Xist lncRNA identified as key trigger in female-biased autoimmune diseases

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In a recent study published in the journal Dr cellA team of scientists, mainly from Stanford University, discovered that sex-biased autoimmunity, where women are more affected by autoimmune disorders than men, is primarily driven by the Xist ribonucleoprotein complex that contains various autoantigenic components.

Study: Xist ribonucleoproteins promote sex-biased autoimmunity in women.  Image credit: Kateryna Kon/ShutterstockStudy: Xist ribonucleoproteins promote female sex-biased autoimmunityy Image credit: Kateryna Kon/Shutterstock


After cancer and cardiovascular disease, autoimmune disorders are the most prevalent category of disease, with women four times more likely to develop autoimmune diseases than men. The prevalence of Sjögren’s disease is 19 to one female to male, while the sex ratio of patients with systemic lupus erythematosus is 9:1 female to male. Furthermore, patients with Klinefelter syndrome who have an XXY sex chromosome and are phenotypically male with a biologically male hormone pattern are at risk of developing autoimmune disorders similar to females.

Although the role of hormones in autoimmune disorders has been extensively studied, research indicates that X chromosome dosage appears to be one of the main drivers of autoimmune disease risk, regardless of hormonal status and gender. In addition, studies in identical twins indicate that the penetrance of autoimmune diseases may also vary, suggesting that environmental factors may influence the genetic predisposition for autoimmune disorders. X-linked genes such as Toll-like receptor 7 (TLR7) are thought to contribute to the development of some autoimmune diseases.

About the study

In the current study, the researchers used autoimmune-resistant and autoimmune-prone mouse models, C57BL/6J and SJL/J, respectively, to understand the role of X chromosome dosage compensation in determining the disproportionate risk of autoimmune disease in females.

Since mammals have two copies of a female-coding ribonucleic acid (lncRNA) called Xist. Xist is not expressed in males, and only the inactive X chromosome transcribes this lncRNA in females.

Studies of mouse embryonic stem cells have shown that X chromosome inactivation is established when Xist forms a ribonucleoprotein complex with 81 binding proteins that are unique to this complex. Xist binds to 10 of these binding proteins directly by RNA-protein interactions and indirectly by protein-protein interactions to the remaining 71. Several of these binding proteins have previously been identified as autoantigens and are thought to activate innate immune system pathways through Toll-like receptors.

Here, the researchers used non-silencing alleles of Xist that were inducible and introduced them into the autosomes of autoimmune-resistant and autoimmune-prone mouse strains. Induction of Xist ribonucleoprotein complex formation in male mice in a chemically induced systemic lupus erythematosus mouse model allowed this female-specific process to be observed in a male background.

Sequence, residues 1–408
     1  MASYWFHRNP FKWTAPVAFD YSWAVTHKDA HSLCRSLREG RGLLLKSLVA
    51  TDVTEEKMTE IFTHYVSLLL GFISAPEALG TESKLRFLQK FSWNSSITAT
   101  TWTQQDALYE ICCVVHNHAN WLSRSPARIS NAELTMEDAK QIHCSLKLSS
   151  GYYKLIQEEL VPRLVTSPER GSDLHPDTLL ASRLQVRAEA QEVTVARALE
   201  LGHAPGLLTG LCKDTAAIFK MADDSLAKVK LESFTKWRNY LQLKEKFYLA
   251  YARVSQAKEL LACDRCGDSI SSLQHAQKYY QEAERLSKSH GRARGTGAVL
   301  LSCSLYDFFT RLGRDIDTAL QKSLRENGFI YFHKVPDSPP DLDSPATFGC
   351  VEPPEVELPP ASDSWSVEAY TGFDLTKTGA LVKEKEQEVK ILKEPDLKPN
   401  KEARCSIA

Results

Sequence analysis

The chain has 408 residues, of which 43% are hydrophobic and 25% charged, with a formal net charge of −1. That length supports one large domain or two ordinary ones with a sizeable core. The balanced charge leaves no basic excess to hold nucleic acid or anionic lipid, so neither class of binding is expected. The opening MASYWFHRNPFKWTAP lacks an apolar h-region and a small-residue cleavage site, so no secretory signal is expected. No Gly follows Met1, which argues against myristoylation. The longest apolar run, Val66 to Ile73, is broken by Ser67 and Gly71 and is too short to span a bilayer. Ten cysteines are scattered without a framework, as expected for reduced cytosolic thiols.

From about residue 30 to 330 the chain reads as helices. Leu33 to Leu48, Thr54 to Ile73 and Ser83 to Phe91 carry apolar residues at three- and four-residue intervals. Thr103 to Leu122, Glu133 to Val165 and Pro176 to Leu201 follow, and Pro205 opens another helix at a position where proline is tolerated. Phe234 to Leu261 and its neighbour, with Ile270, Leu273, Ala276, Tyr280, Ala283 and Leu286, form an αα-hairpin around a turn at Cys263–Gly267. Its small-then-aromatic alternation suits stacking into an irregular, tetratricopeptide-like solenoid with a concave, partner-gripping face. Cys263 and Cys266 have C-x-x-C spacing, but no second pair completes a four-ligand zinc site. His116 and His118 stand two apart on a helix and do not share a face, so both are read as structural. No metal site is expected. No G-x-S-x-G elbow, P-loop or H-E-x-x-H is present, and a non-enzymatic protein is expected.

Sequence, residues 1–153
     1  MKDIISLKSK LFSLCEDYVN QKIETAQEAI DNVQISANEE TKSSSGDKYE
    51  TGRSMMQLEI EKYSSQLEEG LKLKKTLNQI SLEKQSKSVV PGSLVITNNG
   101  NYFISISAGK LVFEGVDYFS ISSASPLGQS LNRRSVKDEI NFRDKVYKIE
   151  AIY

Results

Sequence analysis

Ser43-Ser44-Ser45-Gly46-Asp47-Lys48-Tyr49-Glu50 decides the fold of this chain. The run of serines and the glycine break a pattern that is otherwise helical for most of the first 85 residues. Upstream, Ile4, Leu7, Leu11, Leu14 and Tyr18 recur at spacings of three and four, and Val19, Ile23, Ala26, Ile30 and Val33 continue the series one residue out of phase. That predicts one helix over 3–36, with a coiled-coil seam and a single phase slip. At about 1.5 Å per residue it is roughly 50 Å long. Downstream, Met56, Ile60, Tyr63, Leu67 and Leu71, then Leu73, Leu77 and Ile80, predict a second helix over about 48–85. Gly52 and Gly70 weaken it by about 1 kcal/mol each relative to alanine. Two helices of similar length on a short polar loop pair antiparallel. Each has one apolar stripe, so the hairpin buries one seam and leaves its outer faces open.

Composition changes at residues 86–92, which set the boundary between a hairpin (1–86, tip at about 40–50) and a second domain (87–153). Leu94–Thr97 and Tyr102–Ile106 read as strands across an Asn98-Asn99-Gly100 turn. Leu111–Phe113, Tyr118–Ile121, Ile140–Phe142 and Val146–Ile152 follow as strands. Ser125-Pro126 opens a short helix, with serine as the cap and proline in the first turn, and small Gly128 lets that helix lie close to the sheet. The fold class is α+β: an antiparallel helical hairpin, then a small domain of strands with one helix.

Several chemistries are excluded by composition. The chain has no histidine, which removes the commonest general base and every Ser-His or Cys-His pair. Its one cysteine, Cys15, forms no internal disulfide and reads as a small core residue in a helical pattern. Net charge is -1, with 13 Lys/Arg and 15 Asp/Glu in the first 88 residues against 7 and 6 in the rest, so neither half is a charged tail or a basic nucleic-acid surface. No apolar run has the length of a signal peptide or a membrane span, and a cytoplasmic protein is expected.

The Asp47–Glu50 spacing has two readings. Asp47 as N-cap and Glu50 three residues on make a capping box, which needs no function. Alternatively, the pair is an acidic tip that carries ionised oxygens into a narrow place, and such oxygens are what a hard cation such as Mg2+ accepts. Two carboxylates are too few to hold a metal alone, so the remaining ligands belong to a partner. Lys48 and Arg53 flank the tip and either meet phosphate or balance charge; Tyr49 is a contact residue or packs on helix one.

RNA sequencing and assay of transposase-accessible chromatin by ATAC-sequencing or sequencing were used to assess gene expression changes and potential transcriptional regulatory changes in splenic CD4+ T cells. Principal component analysis was also used to determine similarity between male mice expressing the induced Xist allele.

Serum samples from treated mice were also evaluated for antigens against scleroderma and systemic lupus erythematosus. In addition, serum samples obtained from human patients with systemic lupus erythematosus, dermatomyositis, and scleroderma were tested for reactivity against proteins from the Xist ribonucleoprotein complex.


The results reported that induction of transgenic expression of non-silenced Xist in male mice produced Xist ribonucleoprotein complexes and led to the production of autoantibodies. Male autoimmune-prone mouse models show multi-organ pathology of pristane-induced systemic lupus erythematosus that is more severe than wild-type mice. Moreover, expression of Xist in male mice reprogrammed the chromatic state and B and T cell populations to more closely resemble wild-type female mice.

Reactivity against multiple proteins from the Xist ribonucleoprotein complex has also been shown to be significant in serum samples obtained from patients with human systemic lupus erythematosus, dermatomyositis, and scleroderma.

The findings highlight the potential of using these Xist ribonucleoprotein complex-associated proteins as novel antigens for the detection and monitoring of autoimmune diseases. The discovery of atypical B cell accumulation due to Xist ribonucleoprotein complex expression also provides a potential area of ​​research for autoimmune disorder therapy.


Overall, the results indicate that the Xist ribonucleoprotein complex is selectively expressed in females and drives sex-biased autoimmunity involving X chromosome dosage compensation. Patients with autoimmune conditions such as scleroderma and systemic lupus erythematosus have high reactivity against proteins from the Xist ribonucleoprotein complex, highlighting the potential use of these proteins as antigens for screening and early detection of autoimmune disorders.

Journal Reference:

  • Dou, DR, Zhao, Y., Belk, JA, Zhao, Y., Casey, KM, Chen, DC, Li, R., Yu, B., Srinivasan, S., Abe, BT, Kraft, K., Hellström. , C., Sjöberg, R., Chang, S., Feng, A., Goldman, DW, Shah, AA, Petri, M., Chung, LS, & Fiorentino, DF (2024). Xist ribonucleoproteins promote female sex-biased autoimmunity. cell187(3), 733-749.e16, 10.1016/j.cell.2023.12.037, https://www.cell.com/cell/fulltext/S0092-8674(24)00002-3

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